Wound Wise: Stop the fungus among us

$3.95
Nursing Made Incredibly Easy!
June 2007 
Volume 5  Number 3
Pages 9 - 12
 
  PDF Version Available!

ABSTRACT

TWENTY-YEAR-OLD John Roberts comes to your clinic with an embarrassing problem—he can't stop scratching his groin. He tells you that he's on the track team at his college and that the itchiness seems to flare up in the spring when training is at its peak and he's sweating for hours at a time. After he stops blushing, you examine John's groin area, where you find red, scaling patches with pustules that extend to his inner thighs. You immediately know what the problem is—John has tinea cruris, commonly known as jock itch.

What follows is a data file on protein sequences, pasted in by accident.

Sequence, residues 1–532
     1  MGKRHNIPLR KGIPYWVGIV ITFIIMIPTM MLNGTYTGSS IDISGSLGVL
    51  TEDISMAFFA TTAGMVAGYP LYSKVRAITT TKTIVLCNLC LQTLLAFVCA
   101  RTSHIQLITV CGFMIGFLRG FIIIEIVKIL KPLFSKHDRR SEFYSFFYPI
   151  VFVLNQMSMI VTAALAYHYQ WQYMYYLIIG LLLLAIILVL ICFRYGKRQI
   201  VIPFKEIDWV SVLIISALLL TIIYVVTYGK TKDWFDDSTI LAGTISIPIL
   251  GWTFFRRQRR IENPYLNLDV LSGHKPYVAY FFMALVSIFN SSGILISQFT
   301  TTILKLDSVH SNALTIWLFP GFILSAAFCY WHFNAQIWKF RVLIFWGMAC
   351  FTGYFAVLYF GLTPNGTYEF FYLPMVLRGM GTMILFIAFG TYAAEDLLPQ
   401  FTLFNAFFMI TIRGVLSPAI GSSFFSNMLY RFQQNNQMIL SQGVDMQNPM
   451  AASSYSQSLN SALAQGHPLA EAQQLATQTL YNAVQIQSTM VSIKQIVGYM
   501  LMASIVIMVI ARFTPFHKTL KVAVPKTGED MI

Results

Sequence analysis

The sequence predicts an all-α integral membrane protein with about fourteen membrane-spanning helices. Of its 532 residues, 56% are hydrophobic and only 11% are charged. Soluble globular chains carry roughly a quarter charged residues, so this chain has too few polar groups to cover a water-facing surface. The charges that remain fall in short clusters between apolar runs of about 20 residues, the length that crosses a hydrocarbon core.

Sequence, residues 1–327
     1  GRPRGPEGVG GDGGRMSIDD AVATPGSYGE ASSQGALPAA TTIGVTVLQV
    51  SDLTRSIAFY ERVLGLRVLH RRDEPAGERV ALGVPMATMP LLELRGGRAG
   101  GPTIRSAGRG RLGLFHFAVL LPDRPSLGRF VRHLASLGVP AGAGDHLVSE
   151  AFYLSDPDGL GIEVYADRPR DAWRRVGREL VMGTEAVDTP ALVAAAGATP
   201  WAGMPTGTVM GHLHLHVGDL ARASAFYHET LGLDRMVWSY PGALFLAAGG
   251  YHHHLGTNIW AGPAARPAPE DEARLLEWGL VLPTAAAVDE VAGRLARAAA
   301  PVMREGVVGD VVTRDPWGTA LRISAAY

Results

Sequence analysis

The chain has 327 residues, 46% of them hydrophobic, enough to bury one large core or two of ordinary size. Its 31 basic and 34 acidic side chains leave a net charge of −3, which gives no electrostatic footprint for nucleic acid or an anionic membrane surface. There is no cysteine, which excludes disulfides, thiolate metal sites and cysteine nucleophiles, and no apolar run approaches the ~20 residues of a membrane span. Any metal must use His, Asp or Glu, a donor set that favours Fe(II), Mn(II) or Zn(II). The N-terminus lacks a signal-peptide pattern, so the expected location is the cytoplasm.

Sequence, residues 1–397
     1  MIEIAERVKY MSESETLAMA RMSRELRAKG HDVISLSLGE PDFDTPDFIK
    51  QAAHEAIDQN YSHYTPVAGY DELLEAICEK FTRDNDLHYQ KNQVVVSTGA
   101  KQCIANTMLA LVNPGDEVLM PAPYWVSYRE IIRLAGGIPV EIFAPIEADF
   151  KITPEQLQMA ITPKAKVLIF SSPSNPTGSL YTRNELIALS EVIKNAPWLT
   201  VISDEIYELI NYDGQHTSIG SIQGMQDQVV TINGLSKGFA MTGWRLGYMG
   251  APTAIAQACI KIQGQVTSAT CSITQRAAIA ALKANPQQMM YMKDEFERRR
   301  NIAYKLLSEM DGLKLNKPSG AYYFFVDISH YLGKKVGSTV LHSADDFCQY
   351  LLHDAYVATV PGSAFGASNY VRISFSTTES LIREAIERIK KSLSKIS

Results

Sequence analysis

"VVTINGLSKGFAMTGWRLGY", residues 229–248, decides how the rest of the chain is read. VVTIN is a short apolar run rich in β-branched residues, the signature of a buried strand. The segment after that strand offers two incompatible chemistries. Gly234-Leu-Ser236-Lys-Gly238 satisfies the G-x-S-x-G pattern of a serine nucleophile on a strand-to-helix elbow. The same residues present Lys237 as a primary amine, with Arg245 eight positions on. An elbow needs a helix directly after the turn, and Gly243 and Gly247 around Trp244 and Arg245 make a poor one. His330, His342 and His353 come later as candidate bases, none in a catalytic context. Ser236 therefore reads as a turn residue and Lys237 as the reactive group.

Often called ringworm because of its characteristic appearance of a ring or rounded tunnel under the skin, tinea is the most common fungal skin infection. It can affect the feet, scalp, groin, nails, and body. If one of the body's primary defense barriers—intact skin, mucosal surfaces, and the immune system—breaks down, fungi can invade the skin and cause an infection.

In this article, we'll discuss the types of tinea infections and the signs ...

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